As for the highest calibre, each series had its strengths. TOS had its individual classic sci-fi episodes, its unbridled optimism for the future, and the unsurpassed chemistry of the Kirk-Spock-McCoy triumvirate. DS9 had the most consistently good writing of all and the best developed secondary characters, though its dark edge was sometimes depressing. Voyager had the best primary ensemble cast, and the strongest and most accomplished female characters. TNG wasn't first in writing or in chemistry between its characters, but, after its first two sub par seasons, it pulled all those elements together and achieved a near perfect balance (as well as serving the classic Star Trek theme of optimism about the future) that to me gives it the edge as the overall highest calibre series.

What is your favourite Voyager episode, and why?

It would be easier to name ten than just one ;-) If I must name only one, then my favorite (which isn't the same as my opinion of the best in terms of overall writing and execution) is "Blood Fever." It's my favorite because it is the episode that sold me on P/T, and it propelled me into the world of Internet fandom and fan fiction, from which I've gained countless hours of enjoyment and many lasting friendships.

What is it about Tom and B'Elanna that draws you to them, and inspires you to write?

I suppose it is the complexity of their characters. They are both flawed individuals, yet well meaning and stronger than they think, and that makes them compelling. It's the same thing that makes their relationship compelling. The fact that neither of them—nor their relationship—are perfect, leaves a lot of room for exploration and growth. I admit to being disappointed at first that their relationship was so fraught with problems (and so often ignored by The Powers That Be), but their long, difficult road from initial courtship to eventual marriage allowed for fan fiction to delve ever more deeply into the complexities of the two characters and their relationship. In the end, the portrayal was also more honest and realistic than a quick, smooth "Harlequin"-type resolution would have been.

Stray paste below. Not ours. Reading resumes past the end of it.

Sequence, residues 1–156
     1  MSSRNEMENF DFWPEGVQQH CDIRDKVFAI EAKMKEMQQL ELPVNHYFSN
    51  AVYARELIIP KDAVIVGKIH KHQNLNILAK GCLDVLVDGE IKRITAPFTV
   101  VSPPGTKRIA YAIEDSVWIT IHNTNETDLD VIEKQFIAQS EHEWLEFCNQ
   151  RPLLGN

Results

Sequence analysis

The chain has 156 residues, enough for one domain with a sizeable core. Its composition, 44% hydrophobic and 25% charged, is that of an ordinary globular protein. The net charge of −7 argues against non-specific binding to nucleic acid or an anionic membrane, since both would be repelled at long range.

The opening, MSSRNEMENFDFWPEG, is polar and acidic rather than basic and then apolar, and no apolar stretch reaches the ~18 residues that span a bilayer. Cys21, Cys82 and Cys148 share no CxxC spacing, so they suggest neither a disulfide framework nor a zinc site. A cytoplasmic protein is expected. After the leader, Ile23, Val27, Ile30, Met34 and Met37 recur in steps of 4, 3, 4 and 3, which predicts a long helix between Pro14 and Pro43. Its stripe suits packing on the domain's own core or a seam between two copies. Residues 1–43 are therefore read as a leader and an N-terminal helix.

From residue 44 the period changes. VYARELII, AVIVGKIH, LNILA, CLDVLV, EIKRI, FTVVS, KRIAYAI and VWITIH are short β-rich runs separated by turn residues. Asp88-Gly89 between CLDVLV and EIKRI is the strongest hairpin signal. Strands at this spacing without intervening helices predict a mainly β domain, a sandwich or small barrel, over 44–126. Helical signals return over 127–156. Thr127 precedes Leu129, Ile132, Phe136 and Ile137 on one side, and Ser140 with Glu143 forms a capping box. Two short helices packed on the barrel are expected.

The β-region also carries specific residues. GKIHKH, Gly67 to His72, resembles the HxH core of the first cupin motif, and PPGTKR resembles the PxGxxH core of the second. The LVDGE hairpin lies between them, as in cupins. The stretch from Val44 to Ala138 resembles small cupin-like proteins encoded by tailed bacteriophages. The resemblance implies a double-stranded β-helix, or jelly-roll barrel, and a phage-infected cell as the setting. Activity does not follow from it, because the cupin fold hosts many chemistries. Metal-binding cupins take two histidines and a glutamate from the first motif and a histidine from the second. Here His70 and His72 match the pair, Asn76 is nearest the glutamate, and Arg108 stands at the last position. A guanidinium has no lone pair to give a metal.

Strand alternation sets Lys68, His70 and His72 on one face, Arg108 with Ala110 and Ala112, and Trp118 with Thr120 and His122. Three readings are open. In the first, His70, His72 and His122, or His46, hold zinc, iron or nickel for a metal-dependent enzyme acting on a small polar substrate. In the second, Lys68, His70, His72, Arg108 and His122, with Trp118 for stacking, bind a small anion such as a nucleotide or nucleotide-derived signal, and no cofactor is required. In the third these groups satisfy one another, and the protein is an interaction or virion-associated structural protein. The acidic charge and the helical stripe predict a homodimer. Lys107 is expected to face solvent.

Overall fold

What has been your favourite episode strictly in terms of P/T interaction? Least favourite? Why?

Favorite would be a tie between "Blood Fever"—it had the first mutual admission of their strong attraction to each other, and it is still the sexiest P/T episode—and "Lineage," where for the first time Tom and B'Elanna were able to resolve a deeply divisive issue (rather than retreating) and strengthen their bond to each other in the process. It was the episode that seemed to mark their arrival as a truly committed couple.

Least favorite was "Vis a Vis." Tom's dissatisfaction came out of nowhere, and B'Elanna seemed to accept Tom's (really Steth's) cruel treatment of her in the transporter room scene as something not unexpected (judging from her lack of follow up, as opposed to her behaviour in "Alice"). Tom can be occasionally thoughtless and self-involved, but he's never been deliberately cruel, so it really bothered me that his actions in that scene didn't raise a red flag in B'Elanna's mind. This episode made it seem like B'Elanna and Tom didn't really know each other, and that their relationship was very superficial. The final scene was also the only time I ever perceived absolutely no physical chemistry between the two of them. Maybe it's because by the end I was already deeply disappointed in the episode.

Do you find yourself identifying more with Tom or B'Elanna?

I identify with B'Elanna's basic intensity and emotionalism, but I also identify with Tom's sense of humor. For me, I guess it just depends on the day ;-)